How can I open a bank account in China? Whether you do business in China or you’re moving to China as an expat with a residence permit, opening a bank account in China has many benefits. This article has been expanded and updated to include the experiences of other foreigners, so make sure to read through carefully, especially the frequently asked questions section. I hope you enjoy this guide to help you open a China bank account.
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To open a bank account in China requires time, but overall it’s not particularly complicated. The key is finding a bank branch that has experience working with foreigners and that is willing to accept your particular visa/resident’s permit (more on this later).
Below I’m going to walk you through the process of how to open a bank account in China. In addition, I’ve also included a section of frequently asked questions that I receive all the time about banking in China.
Personally I have opened accounts with Bank of China (中国银行) and the Bank of Communication (交通银行), but I’m not here to promote one bank over another. There are plenty of other good China banks including, but not limited to:
- ICBC 中国工商银行 (Industrial and Commercial Bank of China)
- ABC 中国农业银行 (Agricultural Bank of China)
- China Construction Bank 中国建设银行
- China Merchant’s Bank 中国招商银行
For the average person, there’s not a huge difference between these banks, so I recommend choosing yours based on convenience. Which branches and ATM’s do you see most often in your city or near your neighborhood?
Convenience is key.
*Special Note* For those opening a foreign business in China, your choice of bank makes a much greater impact on you than as an individual. I recommend you contact a lawyer or specialist before deciding where to open a bank account in China.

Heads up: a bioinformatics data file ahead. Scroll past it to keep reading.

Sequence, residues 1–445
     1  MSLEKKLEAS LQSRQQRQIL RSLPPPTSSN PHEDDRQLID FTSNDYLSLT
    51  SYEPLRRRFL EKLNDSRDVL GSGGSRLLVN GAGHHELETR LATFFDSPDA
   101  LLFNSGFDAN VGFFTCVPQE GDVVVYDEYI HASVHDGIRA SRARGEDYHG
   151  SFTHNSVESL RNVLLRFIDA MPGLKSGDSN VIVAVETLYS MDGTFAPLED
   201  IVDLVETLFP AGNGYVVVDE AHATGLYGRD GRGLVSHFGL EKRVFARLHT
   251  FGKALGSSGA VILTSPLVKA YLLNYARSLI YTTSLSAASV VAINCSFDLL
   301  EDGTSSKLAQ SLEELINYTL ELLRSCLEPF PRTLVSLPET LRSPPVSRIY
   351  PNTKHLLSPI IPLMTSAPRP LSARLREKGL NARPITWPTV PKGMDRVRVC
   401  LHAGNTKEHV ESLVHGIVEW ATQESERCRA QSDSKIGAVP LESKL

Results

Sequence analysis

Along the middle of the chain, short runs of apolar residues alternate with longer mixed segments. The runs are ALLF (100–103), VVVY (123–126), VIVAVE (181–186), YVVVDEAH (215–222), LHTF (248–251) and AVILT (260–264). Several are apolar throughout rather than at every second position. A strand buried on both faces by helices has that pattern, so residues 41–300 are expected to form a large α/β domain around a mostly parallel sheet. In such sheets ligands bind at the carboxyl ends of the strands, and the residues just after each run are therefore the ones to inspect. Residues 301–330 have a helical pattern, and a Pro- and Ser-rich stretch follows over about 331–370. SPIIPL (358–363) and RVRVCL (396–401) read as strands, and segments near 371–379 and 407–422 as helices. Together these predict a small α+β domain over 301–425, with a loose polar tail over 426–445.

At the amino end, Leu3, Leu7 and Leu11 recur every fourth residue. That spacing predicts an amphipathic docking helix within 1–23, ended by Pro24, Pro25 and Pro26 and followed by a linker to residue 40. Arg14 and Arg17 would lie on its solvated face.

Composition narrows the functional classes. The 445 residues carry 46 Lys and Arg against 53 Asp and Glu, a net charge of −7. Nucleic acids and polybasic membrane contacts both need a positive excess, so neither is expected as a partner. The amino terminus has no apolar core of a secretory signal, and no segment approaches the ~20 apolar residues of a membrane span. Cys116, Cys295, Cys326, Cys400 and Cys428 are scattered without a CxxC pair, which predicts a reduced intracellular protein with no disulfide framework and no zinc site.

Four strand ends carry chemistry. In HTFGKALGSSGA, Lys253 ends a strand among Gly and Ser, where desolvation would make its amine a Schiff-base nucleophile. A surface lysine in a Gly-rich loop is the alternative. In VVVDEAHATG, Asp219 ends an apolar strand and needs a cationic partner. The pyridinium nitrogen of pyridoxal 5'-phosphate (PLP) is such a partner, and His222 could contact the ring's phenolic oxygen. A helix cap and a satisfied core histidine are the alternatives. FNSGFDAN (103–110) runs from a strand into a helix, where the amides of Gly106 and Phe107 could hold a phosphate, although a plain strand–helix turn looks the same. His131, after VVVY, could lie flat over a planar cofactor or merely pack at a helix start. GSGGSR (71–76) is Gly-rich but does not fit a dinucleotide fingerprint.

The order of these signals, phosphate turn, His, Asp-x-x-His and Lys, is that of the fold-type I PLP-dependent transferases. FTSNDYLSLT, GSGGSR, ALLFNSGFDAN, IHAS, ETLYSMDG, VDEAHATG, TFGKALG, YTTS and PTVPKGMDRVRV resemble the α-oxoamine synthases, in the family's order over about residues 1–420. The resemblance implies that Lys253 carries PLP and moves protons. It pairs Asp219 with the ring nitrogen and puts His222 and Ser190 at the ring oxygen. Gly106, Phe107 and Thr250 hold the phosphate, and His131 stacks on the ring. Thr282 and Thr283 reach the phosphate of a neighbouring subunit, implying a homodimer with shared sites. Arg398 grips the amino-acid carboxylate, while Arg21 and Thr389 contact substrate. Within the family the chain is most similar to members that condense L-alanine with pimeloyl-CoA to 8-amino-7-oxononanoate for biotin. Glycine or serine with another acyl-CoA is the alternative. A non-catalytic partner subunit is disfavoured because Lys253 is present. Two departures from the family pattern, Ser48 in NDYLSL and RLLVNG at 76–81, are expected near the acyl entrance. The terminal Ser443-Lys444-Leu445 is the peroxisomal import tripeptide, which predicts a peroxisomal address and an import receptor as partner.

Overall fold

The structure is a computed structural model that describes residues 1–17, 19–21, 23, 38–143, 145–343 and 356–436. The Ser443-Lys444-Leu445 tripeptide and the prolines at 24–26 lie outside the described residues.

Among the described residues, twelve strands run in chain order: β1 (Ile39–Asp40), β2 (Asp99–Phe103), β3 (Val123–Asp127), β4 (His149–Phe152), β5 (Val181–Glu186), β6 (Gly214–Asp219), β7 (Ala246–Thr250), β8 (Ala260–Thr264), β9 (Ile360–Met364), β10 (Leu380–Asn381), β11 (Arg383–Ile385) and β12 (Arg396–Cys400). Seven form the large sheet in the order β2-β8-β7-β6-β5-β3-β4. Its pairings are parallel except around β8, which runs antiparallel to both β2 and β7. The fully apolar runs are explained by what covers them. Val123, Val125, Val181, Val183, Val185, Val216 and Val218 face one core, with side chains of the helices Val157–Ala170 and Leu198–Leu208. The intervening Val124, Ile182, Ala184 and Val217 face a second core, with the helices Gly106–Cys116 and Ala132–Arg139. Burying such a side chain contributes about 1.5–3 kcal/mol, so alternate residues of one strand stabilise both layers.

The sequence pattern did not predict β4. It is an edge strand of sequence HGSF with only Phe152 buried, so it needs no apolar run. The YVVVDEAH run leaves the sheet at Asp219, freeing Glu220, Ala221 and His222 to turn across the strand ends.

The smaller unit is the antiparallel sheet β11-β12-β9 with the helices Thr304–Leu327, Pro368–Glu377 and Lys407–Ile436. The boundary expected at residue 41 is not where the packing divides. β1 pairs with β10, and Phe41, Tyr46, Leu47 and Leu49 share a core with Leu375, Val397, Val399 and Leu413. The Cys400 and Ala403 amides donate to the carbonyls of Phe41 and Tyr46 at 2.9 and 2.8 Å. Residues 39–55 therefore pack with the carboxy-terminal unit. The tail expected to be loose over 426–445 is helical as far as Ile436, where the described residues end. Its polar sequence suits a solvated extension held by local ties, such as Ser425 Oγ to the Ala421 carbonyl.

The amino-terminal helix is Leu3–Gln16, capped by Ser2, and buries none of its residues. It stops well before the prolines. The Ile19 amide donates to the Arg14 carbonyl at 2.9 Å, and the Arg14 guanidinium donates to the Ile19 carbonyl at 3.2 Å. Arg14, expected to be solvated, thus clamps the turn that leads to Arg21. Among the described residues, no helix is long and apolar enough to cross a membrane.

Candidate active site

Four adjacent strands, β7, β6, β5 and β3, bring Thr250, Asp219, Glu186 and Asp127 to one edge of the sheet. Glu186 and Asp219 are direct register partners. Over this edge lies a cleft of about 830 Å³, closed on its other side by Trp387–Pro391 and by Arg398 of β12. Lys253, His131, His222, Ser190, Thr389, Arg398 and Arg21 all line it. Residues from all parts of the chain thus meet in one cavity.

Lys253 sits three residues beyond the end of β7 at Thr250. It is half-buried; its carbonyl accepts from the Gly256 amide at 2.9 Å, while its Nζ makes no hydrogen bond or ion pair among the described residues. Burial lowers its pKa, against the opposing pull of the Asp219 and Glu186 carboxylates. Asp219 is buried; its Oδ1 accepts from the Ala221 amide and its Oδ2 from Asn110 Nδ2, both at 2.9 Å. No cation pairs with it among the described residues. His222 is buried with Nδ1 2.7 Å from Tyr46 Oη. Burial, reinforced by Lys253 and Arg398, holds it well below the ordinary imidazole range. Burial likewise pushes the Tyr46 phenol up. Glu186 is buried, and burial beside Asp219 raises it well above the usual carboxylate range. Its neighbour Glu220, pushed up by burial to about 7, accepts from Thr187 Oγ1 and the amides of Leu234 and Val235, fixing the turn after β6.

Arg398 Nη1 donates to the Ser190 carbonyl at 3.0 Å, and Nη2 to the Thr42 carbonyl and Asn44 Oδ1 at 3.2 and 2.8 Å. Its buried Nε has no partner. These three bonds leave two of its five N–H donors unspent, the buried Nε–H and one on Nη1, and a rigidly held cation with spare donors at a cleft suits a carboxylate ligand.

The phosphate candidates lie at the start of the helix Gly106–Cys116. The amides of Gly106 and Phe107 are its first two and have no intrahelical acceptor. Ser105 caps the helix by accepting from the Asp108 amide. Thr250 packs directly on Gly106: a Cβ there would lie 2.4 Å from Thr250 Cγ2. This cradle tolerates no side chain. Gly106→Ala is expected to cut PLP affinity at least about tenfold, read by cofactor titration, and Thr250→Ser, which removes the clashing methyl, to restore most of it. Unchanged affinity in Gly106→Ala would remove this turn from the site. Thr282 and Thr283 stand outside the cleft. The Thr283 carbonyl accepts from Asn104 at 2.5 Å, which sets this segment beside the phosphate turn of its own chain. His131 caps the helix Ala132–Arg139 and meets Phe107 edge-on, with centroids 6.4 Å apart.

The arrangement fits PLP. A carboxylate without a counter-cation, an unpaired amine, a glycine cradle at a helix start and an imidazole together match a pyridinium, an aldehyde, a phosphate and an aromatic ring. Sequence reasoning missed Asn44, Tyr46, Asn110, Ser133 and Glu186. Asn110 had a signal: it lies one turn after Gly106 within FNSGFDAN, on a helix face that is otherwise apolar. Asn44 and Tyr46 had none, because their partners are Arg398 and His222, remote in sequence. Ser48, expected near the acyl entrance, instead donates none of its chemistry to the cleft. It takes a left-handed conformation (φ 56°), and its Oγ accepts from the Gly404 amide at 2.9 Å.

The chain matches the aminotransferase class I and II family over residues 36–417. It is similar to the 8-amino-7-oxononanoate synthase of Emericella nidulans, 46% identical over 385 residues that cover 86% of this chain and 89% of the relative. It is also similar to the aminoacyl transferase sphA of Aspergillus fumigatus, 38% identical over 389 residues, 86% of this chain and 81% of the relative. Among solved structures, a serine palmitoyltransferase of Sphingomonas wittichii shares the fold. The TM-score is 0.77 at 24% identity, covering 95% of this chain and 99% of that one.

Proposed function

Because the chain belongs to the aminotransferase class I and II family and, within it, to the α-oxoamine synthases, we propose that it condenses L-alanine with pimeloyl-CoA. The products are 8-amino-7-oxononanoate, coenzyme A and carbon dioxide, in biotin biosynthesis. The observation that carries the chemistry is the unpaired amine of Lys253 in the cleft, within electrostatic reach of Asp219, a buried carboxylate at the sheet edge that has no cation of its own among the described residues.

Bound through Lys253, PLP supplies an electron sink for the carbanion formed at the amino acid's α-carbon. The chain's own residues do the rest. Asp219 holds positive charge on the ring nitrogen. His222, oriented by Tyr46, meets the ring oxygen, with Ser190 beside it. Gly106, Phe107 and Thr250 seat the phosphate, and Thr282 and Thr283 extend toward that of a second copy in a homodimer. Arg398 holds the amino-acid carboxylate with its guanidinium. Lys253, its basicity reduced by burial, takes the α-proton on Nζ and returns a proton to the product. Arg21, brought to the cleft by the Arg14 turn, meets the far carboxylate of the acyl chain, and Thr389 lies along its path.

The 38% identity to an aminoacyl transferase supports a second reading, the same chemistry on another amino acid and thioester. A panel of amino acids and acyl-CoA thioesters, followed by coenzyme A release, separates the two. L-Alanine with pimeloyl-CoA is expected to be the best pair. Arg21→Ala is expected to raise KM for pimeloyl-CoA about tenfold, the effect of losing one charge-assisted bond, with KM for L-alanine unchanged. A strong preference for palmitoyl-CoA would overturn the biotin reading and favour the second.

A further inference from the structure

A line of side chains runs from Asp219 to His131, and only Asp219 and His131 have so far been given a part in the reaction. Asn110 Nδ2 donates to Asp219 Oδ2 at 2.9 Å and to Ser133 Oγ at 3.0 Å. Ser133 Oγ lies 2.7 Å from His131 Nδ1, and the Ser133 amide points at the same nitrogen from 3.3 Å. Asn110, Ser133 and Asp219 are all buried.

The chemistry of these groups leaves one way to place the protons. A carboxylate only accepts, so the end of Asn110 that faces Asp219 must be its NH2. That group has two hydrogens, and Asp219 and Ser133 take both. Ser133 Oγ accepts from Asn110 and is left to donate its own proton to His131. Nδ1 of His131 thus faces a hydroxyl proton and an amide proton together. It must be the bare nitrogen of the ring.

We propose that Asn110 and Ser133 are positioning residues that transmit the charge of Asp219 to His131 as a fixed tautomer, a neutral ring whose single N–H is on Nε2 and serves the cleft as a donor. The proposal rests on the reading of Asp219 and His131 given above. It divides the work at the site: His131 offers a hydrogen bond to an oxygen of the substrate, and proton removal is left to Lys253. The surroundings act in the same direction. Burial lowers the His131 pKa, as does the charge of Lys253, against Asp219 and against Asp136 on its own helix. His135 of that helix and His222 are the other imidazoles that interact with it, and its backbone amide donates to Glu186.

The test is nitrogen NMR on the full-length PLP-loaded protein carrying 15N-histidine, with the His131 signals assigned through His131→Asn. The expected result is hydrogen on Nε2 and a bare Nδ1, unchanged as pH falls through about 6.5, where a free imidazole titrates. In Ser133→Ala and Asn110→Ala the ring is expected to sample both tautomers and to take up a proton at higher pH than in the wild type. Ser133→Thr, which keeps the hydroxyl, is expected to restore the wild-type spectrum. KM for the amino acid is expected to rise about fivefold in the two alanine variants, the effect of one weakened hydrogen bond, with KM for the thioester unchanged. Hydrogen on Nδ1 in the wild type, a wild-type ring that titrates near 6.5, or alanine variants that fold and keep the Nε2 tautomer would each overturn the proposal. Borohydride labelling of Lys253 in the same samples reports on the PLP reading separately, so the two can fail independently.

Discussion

Also, are you not sure if you need to open a bank account in China? Consider this: if you want to buy China train tickets online, set up your phone to pay with WeChat, or do any sort of online shopping on Taobao (China’s Amazon-like marketplace), you must have a local bank account.
Note: Some links in this article are affiliate links, which means that at no extra cost to you, I may be compensated if you choose to use one of the services listed. I only recommend what I’ve personally used, and I appreciate your support!
Why NOT to Open a China Bank Account
Before I dive into the “how-to” of opening a bank account in China, I first want to cover a few reasons not to open one.
- You Don’t Live in China. If you’re just traveling through China as opposed to actually moving to China or doing business here, taking the time to open a China bank account doesn’t have many advantages. Most every ATM in China accepts Visa and MasterCard, so save yourself the hassle and use cash instead.
- No Investment Experience: For those not living in China who want to open an account in an effort to diversify your portfolio, make sure you know what you’re doing. Investment in the Chinese Yuan isn’t crazy, but it isn’t for the inexperienced.